Southwest Airlines will extend its cancellation of Boeing 737 Max flights through April 13, 2020, costing the company more than $435 million, as it awaits Federal Aviation Administration (FAA) certification of the aircraft, based on software enhancements and new training requirements, the timing of which is uncertain.
In a press release, Southwest, which is the United States’ largest Boeing 737 Max customer, stated it will be pulling 300 flights a day during its peak-day schedule out of its weekday total of 4,000 flights; the company had planned to terminate its flight cancellations by the end of March. Customers who have booked flights that were scheduled to use the 737 Max will be notified and assigned another flight.
Last week, American Airlines extended its cancellation of the aircraft as well, following the FAA’s decision to prohibit the flight of the aircraft for the rest of 2019.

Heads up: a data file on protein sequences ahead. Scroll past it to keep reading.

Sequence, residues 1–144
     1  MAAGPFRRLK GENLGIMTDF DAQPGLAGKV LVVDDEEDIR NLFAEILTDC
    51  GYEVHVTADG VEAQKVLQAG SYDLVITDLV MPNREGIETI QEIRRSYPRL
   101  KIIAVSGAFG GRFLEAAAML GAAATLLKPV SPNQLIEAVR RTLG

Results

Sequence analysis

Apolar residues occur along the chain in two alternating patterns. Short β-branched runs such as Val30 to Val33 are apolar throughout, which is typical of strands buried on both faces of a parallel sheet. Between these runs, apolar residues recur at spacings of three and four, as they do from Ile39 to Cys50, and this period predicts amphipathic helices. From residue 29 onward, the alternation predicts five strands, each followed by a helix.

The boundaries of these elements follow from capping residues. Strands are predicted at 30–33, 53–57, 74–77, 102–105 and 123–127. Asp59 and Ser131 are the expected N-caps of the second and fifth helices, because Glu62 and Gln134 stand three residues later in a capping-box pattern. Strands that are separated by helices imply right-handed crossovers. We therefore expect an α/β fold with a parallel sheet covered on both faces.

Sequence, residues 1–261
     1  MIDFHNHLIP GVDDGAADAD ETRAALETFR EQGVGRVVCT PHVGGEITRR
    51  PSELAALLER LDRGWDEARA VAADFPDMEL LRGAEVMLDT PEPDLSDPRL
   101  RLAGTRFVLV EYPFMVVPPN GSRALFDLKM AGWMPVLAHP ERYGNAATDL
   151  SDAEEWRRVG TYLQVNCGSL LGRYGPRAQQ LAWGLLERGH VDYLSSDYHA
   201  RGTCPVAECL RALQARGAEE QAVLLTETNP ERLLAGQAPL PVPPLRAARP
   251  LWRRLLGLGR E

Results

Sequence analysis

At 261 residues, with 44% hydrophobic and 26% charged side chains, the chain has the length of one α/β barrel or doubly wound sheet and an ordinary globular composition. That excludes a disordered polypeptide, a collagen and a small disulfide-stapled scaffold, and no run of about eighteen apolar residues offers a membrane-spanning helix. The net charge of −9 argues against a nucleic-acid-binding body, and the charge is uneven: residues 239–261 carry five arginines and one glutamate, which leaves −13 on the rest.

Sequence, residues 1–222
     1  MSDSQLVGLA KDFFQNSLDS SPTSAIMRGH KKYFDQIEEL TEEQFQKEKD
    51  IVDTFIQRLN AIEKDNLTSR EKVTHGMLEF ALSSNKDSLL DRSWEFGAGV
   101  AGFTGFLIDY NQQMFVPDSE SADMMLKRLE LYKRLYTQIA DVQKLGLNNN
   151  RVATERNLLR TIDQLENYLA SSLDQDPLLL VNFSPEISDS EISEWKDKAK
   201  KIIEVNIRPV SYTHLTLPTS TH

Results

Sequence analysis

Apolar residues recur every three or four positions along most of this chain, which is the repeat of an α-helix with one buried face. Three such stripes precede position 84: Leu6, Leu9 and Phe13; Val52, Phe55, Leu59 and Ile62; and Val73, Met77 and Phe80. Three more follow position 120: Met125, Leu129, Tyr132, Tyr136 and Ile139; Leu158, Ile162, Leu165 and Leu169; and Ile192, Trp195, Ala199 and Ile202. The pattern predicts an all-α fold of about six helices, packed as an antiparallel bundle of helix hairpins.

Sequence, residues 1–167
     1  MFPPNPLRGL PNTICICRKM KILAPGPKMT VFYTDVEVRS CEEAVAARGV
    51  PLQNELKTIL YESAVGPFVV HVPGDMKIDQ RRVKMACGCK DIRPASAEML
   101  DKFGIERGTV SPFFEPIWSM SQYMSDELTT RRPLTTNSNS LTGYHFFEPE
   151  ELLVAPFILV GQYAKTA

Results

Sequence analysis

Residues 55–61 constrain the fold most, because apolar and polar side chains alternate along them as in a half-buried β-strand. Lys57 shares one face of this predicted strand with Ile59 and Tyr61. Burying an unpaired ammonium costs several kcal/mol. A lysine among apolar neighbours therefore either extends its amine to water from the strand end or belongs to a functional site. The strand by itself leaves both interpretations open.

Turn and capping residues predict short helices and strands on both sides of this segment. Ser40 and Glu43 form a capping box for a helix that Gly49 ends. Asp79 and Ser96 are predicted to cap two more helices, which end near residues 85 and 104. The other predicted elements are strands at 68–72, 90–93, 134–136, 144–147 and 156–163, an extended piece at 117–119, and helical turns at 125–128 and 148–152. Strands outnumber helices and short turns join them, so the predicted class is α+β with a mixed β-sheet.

“Taking planes out through April means you’ll miss the spring break hump, which is a peak period of flying,” said David Vernon, a senior analyst for Sanford C. Bernstein. “When you think about the revenue implications of missing spring break and flying a lower schedule, that’s not great.”
The 737 Max has been grounded globally since March, following two crashes that occurred within five months that resulted in the deaths of 346 people. Since then, Boeing still produced the aircraft, costing the company nearly $1.5 million per month, although it had reduced the aircraft’s production from 52 in April to 42 before an indefinite suspension, beginning in January, was announced on Wednesday.
A Southwest spokesperson clarified that the company’s decision to extend cancellation of the 737 Max had nothing to do with Boeing’s decision to stop producing the aircraft.
Southwest’s pilot union filed a lawsuit against Boeing in October for $115 million, claiming that the company had been dishonest about the safety of the aircraft. The suit also claims that the cancellation of the 737 Max resulted in the cancellation of 30,000 flights and the loss of more than $100 million for more than 9,700 pilots, a loss that could have a huge negative impact on the greater economy.